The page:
Young, Gay and Gifted with a Hideous Virus
Sitting in a semi-tropical Johannesburg garden where ducks warm their feathers in the sun, it seems all wrong to be delving into human sexual behaviour so extraordinary, so fascinatingly bizarre that the hairs on the back of your neck stand up.
But shock, fear and an almost over-the-top frankness are quite clearly the life blood of Louise Hogarth, a California documentary film maker and an Academy Award winner in that genre. We are talking about disease and death and more precisely about the disturbing subject matter of her latest offering, The Gift, showing in Johannesburg and around the country.
Our discussions centre on a chain and leather-filled sex den in Los Angeles known as The Dungeon. This is where gay men of unknown HIV status are invited for a “fun-filled” evening of “barebacking” (unprotected sex).
We talk of conversion parties – sex orgies where disease status is not known but
where the adrenalin-charged aim for participants is to try to change their HIV-negative
status into an HIV-positive one.
Ducks glide across the water as we examine the dark specters of this grizzly
subculture where the gift giver is an HIV-positive man whose “gift” is HIV infection,
where the “bug chaser” is the HIV-negative man who becomes infected with HIV, and
where barebacking describes deliberate high-risk sex with no regard for HIV infection.
The concepts are so bizarre, so utterly paradoxical, that Hogarth needs to explain
further: “When I first heard of this phenomenon I thought it was an urban myth. Why
would anyone, unless they were insane, want to do such a thing, knowing that it will
mean almost certain death, and a horrible one at that too?”
But as she discovered, this was no urban myth. In 80 hours of film footage
collected over two years, Hogarth documented the lives and experiences of dozens of gay men, exposing what she terms “a grotesque and terrible reality.”
In her 62-minute expose we meet Doug, who at 19 preferred to get the HIV/AIDS
“gift” so that he wouldn’t have to worry any more about being infected with the virus.
Two years later he is resistant to two out three AIDS drugs. His treatment options are
running out; so too are his compromised CD4 immune cells.
We also meet the baby-faced Dungeon owner, who happily ignores the threat of
death and disease; flashes of internet sites where “conversion” services are offered and freely discussed; a psychologist who breaks down in tears because his dead lover was HIV-positive and, devastatingly for him, he wasn’t.
Having watched her robust work, one realises there is no need for sophisticated
imagery to portray this modern-day tragedy. It’s what the people say – and admit to –
that is so blisteringly ghastly, compelling, well, yes, even fascinating.
Hogarth, whose roots go back to William Hogarth, the 18th century satirical
illustrator, is small, elfin-faced, attractive and 30-something – the last person you would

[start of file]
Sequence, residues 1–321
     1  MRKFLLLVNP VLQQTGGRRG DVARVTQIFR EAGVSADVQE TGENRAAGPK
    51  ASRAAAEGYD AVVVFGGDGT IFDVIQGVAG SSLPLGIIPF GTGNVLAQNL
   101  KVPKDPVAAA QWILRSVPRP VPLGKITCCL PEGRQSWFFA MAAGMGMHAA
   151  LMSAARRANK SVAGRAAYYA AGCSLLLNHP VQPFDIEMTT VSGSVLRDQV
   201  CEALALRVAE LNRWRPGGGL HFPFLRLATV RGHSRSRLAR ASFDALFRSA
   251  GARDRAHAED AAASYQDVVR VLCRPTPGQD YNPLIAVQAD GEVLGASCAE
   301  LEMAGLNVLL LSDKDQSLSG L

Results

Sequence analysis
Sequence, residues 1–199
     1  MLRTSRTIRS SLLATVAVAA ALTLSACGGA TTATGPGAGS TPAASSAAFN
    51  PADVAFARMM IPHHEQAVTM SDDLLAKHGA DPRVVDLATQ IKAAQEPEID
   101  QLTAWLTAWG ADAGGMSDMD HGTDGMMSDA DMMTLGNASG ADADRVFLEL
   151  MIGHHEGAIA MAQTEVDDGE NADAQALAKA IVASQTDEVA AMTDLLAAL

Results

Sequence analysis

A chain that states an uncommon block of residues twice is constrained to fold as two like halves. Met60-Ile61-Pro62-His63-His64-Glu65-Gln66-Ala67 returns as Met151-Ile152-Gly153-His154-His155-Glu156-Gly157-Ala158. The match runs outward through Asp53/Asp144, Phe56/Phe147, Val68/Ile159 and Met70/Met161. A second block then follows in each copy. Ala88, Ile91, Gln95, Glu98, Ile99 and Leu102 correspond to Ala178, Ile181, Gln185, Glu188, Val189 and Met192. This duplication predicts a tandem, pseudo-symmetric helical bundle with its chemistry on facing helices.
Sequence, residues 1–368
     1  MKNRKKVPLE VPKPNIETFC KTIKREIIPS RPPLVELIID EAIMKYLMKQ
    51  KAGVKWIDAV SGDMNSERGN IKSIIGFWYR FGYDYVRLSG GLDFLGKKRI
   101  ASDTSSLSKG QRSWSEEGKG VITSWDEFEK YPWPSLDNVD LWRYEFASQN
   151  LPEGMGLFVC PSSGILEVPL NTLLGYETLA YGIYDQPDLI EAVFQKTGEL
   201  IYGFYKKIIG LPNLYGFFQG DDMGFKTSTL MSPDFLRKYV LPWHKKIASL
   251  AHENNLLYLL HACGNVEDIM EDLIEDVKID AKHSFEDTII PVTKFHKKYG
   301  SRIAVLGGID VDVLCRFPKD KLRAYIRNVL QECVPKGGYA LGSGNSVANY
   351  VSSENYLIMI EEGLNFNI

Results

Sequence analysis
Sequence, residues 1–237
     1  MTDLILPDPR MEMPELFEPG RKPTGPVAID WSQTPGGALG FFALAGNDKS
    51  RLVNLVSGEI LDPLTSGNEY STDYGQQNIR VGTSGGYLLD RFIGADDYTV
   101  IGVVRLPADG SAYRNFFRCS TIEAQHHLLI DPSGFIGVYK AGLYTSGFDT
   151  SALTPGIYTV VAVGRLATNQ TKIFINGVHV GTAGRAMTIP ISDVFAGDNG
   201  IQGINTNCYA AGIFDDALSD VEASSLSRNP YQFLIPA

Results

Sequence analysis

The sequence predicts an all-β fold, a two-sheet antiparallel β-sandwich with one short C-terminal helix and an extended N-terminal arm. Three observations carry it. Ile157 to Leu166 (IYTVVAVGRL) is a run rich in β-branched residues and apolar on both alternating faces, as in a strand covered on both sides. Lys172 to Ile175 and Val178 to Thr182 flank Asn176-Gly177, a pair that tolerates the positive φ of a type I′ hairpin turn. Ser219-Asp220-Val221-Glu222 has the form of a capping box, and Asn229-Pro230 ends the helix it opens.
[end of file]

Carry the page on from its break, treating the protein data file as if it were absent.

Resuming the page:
think who would want to identify herself with a subculture whose followers deliberately
and joyfully aim their disease-ridden “smoking gun” penises at willing and equally joyful victims.
“I didn’t set out to explore this subject for any sensational reasons,” she said. “I
have a love of people. I have close friends who have died from AIDS. The infection
rates are rising alarmingly in America and I want to try and do something about it.” That
“something”, she believes, is to change the HIV/AIDS message globally.
“To do that we have to ask ourselves why a growing number of people are
indulging in high-risk behaviour, people who are not insane and not unintelligent.”
The answer, say those like Hogarth, is to bring back the prevention message,
“boldly, dramatically and honestly.”
As she spelt out her chosen strategy it was clear popularity votes were not part of the agenda. “In most affected countries you have the HIV-positive community directing the
way marketing and awareness programmes are going. Naturally they don’t want
messages that portray the infected as having a virulent life-threatening disease that will
eventually kill them.”
In this harsh and radical sideswipe, one senses that Hogarth has encountered
antagonism along her chosen route. “The truth is not pleasant,” she continues, “but pleasant doesn’t help. You see it everywhere, also here in your own country. It’s not politically correct or acceptable to promote the idea that diarrhoea, vomiting, pain, exhaustion, dementia and heart attacks are all part of the sickness. Instead we see glossy, up-market, larger-than-life images presenting HIV/AIDS as a manageable disease, and posters of happy, successful, infected people.”
If her film doesn’t say it directly, Hogarth does. “These perceptions are skewed
and dangerous. The whole health emphasis in America, for example, is geared to HIVpositive people. They are the ones who get grants, free treatment, free classes,
free accommodation, a free watch to tell you when to have your next pill, free dating services.
If we glamorise anyone, surely it should be those who are HIV-negative.”
The Gift is part of the Out in Africa Gay and Lesbian Film Festival currently
showing in South Africa.